Wednesday, August 12, 2009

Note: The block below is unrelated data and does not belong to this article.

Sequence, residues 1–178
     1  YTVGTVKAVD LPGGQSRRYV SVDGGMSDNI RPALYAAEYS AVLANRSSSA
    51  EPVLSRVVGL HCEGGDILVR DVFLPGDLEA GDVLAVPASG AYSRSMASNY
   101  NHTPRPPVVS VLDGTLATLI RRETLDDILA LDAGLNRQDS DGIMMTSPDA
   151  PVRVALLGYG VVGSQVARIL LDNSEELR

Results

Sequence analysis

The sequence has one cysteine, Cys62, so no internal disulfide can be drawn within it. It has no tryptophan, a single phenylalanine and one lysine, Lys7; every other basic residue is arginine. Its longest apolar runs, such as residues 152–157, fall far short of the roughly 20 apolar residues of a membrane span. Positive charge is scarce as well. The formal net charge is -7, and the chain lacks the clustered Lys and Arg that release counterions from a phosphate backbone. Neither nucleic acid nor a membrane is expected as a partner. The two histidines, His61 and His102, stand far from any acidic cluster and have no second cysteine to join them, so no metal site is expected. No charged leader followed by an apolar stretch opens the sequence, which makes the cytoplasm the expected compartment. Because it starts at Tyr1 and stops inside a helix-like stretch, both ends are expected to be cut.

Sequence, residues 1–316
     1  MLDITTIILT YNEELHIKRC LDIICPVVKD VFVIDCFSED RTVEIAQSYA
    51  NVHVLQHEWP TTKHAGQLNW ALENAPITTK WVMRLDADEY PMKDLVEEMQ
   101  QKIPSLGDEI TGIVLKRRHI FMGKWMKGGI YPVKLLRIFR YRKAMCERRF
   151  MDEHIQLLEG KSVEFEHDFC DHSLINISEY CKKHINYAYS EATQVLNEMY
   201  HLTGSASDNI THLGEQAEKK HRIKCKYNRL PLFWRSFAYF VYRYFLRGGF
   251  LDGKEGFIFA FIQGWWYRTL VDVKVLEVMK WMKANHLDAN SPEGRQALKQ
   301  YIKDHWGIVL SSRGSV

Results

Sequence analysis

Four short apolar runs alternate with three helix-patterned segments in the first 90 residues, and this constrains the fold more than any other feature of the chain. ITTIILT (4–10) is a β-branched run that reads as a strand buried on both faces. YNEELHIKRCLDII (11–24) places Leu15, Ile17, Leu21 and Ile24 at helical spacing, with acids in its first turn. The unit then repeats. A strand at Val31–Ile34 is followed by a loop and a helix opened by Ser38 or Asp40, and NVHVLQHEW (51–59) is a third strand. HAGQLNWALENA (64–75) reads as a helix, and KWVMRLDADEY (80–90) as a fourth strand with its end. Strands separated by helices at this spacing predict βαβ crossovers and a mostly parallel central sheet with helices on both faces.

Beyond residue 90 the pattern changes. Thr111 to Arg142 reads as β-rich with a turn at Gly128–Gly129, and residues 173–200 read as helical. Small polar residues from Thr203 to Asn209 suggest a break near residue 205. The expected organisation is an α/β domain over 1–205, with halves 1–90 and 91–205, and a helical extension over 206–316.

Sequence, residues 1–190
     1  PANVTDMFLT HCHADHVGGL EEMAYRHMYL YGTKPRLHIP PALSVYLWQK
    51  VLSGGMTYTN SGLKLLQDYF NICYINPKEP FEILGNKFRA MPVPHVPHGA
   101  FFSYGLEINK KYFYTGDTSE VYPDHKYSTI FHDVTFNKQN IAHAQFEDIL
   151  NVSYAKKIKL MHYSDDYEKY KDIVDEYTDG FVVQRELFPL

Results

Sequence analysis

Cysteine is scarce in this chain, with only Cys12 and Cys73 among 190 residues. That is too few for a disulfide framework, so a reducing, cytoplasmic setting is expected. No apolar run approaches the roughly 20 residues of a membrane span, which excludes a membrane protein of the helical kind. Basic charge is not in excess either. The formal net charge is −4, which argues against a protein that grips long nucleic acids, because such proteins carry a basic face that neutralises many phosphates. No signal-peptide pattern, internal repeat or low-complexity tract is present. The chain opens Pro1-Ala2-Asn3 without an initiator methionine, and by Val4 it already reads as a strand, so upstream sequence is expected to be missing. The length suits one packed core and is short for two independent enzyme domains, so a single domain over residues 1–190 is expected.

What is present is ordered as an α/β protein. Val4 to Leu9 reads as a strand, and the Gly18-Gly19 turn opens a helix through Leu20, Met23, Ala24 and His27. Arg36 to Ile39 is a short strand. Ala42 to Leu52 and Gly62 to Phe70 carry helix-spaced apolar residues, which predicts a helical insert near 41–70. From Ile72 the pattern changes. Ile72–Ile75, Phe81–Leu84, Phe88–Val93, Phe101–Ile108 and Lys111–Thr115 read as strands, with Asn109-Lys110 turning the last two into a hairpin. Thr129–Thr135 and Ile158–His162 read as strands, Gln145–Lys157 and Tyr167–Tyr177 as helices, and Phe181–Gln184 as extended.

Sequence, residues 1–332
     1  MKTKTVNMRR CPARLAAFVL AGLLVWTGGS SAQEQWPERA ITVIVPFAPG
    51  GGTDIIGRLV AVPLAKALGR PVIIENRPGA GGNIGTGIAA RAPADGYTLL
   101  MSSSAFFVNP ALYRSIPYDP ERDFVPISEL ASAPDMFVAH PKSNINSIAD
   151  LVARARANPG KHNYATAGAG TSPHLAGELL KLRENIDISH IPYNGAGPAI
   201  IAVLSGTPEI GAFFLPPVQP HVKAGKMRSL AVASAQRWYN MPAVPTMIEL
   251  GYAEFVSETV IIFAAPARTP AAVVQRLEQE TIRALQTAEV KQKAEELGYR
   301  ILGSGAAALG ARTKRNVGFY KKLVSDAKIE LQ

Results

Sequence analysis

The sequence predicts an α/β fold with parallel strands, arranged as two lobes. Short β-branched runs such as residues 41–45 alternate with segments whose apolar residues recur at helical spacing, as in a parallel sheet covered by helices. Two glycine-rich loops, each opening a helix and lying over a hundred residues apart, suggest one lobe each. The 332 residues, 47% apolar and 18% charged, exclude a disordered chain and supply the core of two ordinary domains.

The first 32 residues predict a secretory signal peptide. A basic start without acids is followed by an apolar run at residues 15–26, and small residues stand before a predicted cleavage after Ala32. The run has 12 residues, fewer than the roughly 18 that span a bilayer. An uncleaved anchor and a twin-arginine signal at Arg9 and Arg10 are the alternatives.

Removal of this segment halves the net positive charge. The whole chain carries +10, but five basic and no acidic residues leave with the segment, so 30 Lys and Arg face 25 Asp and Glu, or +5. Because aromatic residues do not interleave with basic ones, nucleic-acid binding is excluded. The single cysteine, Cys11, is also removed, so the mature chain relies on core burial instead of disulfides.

Electricity Prices Plummet